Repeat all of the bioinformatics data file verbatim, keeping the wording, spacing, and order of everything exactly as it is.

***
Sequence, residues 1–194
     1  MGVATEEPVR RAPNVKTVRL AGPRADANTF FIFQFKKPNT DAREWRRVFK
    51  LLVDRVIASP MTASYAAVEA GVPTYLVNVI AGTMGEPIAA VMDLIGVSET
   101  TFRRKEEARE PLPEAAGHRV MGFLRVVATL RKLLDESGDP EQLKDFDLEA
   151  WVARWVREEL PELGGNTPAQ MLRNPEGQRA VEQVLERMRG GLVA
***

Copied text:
Sequence, residues 1–194
     1  MGVATEEPVR RAPNVKTVRL AGPRADANTF FIFQFKKPNT DAREWRRVFK
    51  LLVDRVIASP MTASYAAVEA GVPTYLVNVI AGTMGEPIAA VMDLIGVSET
   101  TFRRKEEARE PLPEAAGHRV MGFLRVVATL RKLLDESGDP EQLKDFDLEA
   151  WVARWVREEL PELGGNTPAQ MLRNPEGQRA VEQVLERMRG GLVA